Activist Angler note: Teaming with Fishiding, PotashCorp introduced a conservation component to its benefit tournament last year and plans to include it again this year. I hope that other tournament organizers will take note and follow the leader because these kinds of projects actually could improve fisheries.
A few have had competitors release fry during one of the competition days, but all that really does is provide an opportunity for promotion of the event. It does little or nothing to help the fishery. If bass have sufficient habitat, they will reproduce just fine on their own. If they don't, adding more fish to compete for already limited forage and cover is pointless.
The following article about the Potash tournament appears in the April issue of B.A.S.S. Times:
In regard to bass tournaments, Joey Bruyninckx had a better idea.
“I wanted to do something that benefits charity, kids, and the environment,” said the environmental specialist for PotashCorp, who added that he likes to fish and has ties to fishing. “From there, it just all came together.”
Thus was born the PotashCorp Fishback Tournament, set for June 6-7 at J. Strom Thurmond Reservoir (also known as Clark Hill) on the Georgia-South Carolina border.
But it’s possible that this year’s team event, unlike the inaugural last year, might be changed to one day instead of two.
“A lot of the fishermen are older and the two-day tournament was rough on them,” Bruyninckx said. “And it was exhausting for the volunteers. Changing it to one day should increase participation while lessening work.”
Still, last year’s two-day tournament, with a $12,000 payout for first place, was a “huge success,” said the employee of the world’s largest fertilizer company. With 135 teams competing, $6,000 was raised for the Georgia Ovarian Cancer Alliance and $4,000 for the North Augusta Fishing Team, a youth organization. Volunteers from the latter performed much of the labor, including returning bass to the lake.
What made this event different from most others, meanwhile, was the conservation component. On Day One, each team placed habitat in the reservoir on its first or second stop.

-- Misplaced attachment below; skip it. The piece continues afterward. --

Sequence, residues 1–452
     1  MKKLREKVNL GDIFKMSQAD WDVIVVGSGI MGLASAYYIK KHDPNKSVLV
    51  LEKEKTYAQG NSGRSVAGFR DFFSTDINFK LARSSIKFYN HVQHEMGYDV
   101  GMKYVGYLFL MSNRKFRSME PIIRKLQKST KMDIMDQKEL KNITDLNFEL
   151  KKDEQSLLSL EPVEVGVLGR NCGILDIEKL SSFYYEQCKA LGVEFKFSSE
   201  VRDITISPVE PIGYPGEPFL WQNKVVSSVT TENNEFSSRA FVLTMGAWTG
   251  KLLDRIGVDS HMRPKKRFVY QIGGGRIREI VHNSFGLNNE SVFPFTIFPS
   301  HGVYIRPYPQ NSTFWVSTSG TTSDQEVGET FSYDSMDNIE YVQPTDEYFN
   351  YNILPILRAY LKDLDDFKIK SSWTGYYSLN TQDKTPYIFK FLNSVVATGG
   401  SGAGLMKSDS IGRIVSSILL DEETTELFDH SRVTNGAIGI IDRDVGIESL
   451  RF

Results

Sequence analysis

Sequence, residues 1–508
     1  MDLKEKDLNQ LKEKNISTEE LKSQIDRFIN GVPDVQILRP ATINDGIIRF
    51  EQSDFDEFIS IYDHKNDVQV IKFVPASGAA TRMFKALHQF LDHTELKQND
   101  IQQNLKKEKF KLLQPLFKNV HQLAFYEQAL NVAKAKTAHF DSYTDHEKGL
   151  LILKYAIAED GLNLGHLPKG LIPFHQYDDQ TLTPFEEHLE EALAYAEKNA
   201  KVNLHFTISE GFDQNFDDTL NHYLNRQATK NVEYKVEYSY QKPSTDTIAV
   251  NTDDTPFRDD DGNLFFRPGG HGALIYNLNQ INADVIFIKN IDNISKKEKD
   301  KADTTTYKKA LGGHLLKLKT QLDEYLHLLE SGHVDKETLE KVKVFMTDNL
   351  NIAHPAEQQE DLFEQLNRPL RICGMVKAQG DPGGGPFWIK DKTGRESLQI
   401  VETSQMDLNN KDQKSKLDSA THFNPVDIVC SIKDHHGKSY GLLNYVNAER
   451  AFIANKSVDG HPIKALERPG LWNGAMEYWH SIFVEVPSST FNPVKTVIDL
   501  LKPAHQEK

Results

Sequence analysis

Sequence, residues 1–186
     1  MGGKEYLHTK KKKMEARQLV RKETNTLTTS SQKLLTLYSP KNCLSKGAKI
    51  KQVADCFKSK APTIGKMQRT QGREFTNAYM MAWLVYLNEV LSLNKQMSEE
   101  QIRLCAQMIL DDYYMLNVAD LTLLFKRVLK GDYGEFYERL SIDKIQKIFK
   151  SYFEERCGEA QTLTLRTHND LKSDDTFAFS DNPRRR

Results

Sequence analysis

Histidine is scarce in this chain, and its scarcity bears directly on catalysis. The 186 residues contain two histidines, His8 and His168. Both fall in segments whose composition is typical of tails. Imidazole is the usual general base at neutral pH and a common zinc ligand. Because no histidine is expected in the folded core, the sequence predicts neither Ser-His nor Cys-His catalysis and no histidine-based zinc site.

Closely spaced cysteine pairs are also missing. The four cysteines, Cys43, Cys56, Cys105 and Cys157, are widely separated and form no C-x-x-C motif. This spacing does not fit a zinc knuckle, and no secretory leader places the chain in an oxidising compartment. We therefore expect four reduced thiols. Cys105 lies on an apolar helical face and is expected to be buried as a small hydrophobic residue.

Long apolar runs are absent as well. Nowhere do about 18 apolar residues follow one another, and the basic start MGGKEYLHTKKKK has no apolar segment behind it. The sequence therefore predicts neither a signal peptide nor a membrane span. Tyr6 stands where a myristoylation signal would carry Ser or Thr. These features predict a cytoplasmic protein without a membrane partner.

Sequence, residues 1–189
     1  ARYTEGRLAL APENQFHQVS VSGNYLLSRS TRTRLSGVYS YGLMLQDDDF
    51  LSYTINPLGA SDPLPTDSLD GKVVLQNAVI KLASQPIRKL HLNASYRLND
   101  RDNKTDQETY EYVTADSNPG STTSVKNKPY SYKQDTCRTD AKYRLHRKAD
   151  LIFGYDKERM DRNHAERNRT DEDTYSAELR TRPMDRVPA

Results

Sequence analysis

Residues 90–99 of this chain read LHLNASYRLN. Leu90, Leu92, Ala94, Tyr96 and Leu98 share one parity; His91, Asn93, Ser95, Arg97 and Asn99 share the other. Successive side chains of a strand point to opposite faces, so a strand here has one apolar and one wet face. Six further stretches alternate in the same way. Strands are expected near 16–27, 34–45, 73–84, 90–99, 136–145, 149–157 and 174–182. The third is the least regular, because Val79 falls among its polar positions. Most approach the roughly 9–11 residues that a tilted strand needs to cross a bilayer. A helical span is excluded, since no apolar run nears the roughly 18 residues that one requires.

“I was worried that there would be a lot of fussing and grumbling,” the environmental specialist said. “But afterward, a number of them told me how much they appreciated what we were doing. There were way more positive comments than negative.”
Had competitors been asked to load a brushpile with cinder blocks onto the deck of their bass boats, the reaction might not have been so positive. But instead PotashCorp provided them with self-contained habitats made from reclaimed vinyl siding by Fishiding (a supporter of Activist Angler). All anglers had to do was unfold and drop the “Safehouse,” which boasts a 7-foot diameter when opened.
Fishiding owner Dave Ewald said the units “sink to the bottom and land upright to resemble a bush. The wide limbs create maximum shade, often preferred by bass and forage fish. Nutrients then stick to the vinyl and start the food chain.”
Bruyninckx sought and received approval from Georgia Department of Natural Resources (DNR) before implementing the habitat-improvement component of the tournament. Orginally, he had considered having each team release bass fry, but DNR biologists convinced him that adding habitat would be more beneficial.
The same is planned for this year’s event, which its creator hopes will have more sponsors. PotashCorp donated $25,000 last year and is expected to increase that to $30,000 this year.
Those interested in participating in the tournament should contact Jon Hair at the Tackle Shop in Martinez, Ga. Phone numbers are (706) 432-8225 and (706) 723-6292.
Companies interested in being a sponsor should contact Bruyninckx at (706) 469-1239.